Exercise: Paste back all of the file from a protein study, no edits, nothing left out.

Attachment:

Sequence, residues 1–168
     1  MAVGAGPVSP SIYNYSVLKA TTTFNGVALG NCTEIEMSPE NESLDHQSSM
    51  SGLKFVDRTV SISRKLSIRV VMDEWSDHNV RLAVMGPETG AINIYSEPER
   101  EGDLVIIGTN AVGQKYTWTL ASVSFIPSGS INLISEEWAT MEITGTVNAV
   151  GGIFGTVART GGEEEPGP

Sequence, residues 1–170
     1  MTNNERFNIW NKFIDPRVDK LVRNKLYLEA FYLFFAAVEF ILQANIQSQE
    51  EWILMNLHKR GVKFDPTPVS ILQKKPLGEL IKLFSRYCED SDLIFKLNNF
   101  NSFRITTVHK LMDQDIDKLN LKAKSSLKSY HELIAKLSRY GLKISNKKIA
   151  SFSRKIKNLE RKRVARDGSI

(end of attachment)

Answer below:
Sequence, residues 1–168
     1  MAVGAGPVSP SIYNYSVLKA TTTFNGVALG NCTEIEMSPE NESLDHQSSM
    51  SGLKFVDRTV SISRKLSIRV VMDEWSDHNV RLAVMGPETG AINIYSEPER
   101  EGDLVIIGTN AVGQKYTWTL ASVSFIPSGS INLISEEWAT MEITGTVNAV
   151  GGIFGTVART GGEEEPGP

Sequence, residues 1–170
     1  MTNNERFNIW NKFIDPRVDK LVRNKLYLEA FYLFFAAVEF ILQANIQSQE
    51  EWILMNLHKR GVKFDPTPVS ILQKKPLGEL IKLFSRYCED SDLIFKLNNF
   101  NSFRITTVHK LMDQDIDKLN LKAKSSLKSY HELIAKLSRY GLKISNKKIA
   151  SFSRKIKNLE RKRVARDGSI